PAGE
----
The Spanish Supreme Court has adopted a judgment in December establishing that dual pricing systems in the pharma sector may fall under the prohibition of Article 101(1) TFEU and its equivalent under Spanish Competition Law. However, the judgment also says that they might deserve an exemption under Article 101(3) and its equivalent under Spanish Competition Law. A pharmaceutical company adopted a pricing system back in 2001 where drugs financed by the Spanish National Health System and sold in Spain were priced at the compulsory level fixed by the Spanish Administration (the “intervention price”). When the drug was not financed by the National Health System or sold in Spain, the price established by the pharmaceutical company (the “free price”) was higher than the “intervention price” determined by the Administration. The pharmaceutical company notified this system to the European Commission in 2001 seeking an individual exemption. Some Spanish wholesalers considered that this system obstructed parallel trade between EU countries and filed a complaint with the European Commission which was rejected in 2006 due to lack of EU interest. A complaint was then lodged before the Spanish Competition Authority, which again, was rejected in May 2009 because, according to the Authority, prima facie, the pharmaceutical company’s pricing system was not contrary to Articles 101 TFEU and its equivalent under Spanish Competition Law. The 2009 Spanish Competition Authority’s decision to reject the complaint was challenged by the complainants before the National Court, which ruled in 2011 that, contrary to the Authority’s view, there were indicia of incompatibility with Competition Law and that the Authority should have taken a closer look at the case. The National Court’s judgment was, in turn, challenged before the Supreme Court by the pharmaceutical company and the Spanish Administration. In December 2014, the Supreme Court has dismissed the appeals and confirmed the National Court’s judgment. Both the National Court and the Supreme Court judgments echo the EU Court of Justice’s judgment of 6 October 2009 in the Glaxo Spanish case, as they say that dual pricing systems in the pharma sector might be considered a restriction of competition “by object”. The Supreme Court appreciates that the pharmaceutical company’s pricing system could restrict parallel trade and, therefore, competition. In this regard the Supreme Court notes that article 101 TFEU is not only aimed to protect consumers only, but also market structure and, thus, competition in itself. Therefore, a decision on whether an agreement is or not restrictive can not only rely on the fact that consumers will or not be deprived from the advantages derived from the effective competition in the market. However, the Supreme Court also says that, in case the Authority considers that the conduct falls under the 101(1) TFEU prohibition, it should also decide if the exemption’s conditions under Article 101(3) TFEU are fulfilled. Consequently, the Spanish Competition Authority should now reopen the investigation and determine if the pharmaceutical company’s conduct is anticompetitive and, in the affirmative, if it could be exempted under 101(3) TFEU. This might take, approximately, up to two years. Obviously, its final decision may again be subject to appeals before the Courts. So it seems that the controversial dual pricing saga in the Spanish pharma sector will still go on for a while.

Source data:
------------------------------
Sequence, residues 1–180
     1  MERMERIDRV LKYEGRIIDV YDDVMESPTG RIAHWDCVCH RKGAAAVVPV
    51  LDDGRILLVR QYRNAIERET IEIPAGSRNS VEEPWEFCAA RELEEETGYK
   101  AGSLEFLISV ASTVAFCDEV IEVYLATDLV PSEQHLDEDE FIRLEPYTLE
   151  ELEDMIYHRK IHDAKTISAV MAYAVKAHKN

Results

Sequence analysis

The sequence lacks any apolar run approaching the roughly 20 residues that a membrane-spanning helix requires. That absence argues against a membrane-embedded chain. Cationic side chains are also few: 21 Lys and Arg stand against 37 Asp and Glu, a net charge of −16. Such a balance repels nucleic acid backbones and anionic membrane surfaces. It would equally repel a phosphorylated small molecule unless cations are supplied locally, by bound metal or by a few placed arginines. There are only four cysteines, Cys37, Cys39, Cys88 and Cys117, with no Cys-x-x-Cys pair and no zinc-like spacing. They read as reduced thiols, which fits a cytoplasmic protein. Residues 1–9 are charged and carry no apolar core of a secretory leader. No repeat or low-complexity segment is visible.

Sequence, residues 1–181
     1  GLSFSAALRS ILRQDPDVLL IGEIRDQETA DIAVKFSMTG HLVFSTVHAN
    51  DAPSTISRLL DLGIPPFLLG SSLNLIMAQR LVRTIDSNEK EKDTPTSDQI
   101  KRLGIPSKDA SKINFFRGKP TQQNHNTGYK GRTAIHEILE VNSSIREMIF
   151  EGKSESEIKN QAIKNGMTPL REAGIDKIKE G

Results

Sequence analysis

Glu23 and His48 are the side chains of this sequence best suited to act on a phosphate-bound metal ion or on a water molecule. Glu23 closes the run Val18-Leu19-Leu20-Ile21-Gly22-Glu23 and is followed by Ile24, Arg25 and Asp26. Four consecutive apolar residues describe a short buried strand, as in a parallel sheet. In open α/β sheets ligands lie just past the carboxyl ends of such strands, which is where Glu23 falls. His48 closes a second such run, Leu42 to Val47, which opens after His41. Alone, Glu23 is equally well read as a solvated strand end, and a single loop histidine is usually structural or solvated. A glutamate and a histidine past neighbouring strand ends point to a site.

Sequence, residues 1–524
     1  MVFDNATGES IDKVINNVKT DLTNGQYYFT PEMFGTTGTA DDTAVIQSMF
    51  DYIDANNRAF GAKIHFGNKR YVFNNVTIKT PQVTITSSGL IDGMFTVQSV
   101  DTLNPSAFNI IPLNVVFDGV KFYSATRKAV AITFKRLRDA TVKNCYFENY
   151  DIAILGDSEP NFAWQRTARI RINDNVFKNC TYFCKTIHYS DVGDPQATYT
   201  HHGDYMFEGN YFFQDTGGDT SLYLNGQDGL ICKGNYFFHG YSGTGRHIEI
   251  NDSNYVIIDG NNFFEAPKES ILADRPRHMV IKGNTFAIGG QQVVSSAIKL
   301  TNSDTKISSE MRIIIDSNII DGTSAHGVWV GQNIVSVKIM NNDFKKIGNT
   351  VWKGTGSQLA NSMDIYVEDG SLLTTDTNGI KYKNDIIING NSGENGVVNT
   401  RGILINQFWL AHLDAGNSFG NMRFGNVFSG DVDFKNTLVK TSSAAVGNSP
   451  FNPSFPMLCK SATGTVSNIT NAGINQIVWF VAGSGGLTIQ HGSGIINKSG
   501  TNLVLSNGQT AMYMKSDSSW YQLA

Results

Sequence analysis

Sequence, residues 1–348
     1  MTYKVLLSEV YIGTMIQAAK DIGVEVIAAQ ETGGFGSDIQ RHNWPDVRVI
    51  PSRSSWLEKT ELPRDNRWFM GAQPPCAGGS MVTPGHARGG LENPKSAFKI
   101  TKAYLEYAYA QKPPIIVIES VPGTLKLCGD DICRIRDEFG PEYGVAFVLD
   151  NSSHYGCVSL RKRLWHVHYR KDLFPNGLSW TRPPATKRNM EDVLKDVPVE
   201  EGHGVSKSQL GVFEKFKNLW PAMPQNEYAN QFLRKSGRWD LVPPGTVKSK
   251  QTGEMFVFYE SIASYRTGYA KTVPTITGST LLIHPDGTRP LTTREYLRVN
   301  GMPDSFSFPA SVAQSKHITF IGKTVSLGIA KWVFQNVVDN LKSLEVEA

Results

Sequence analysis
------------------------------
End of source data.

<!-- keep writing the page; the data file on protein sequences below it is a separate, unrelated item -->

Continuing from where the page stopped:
Alberto Escudero is head of Baker McKenzie’s Competition Law Practice in Madrid. Mr. Escudero advises clients on a wide variety of competition law issues. His experience includes merger control, the defence of clients before the competition authorities and courts in competition law proceedings, assessment of the compatibility of cooperation agreements and distribution contracts with competition law, and the implementation of compliance programs.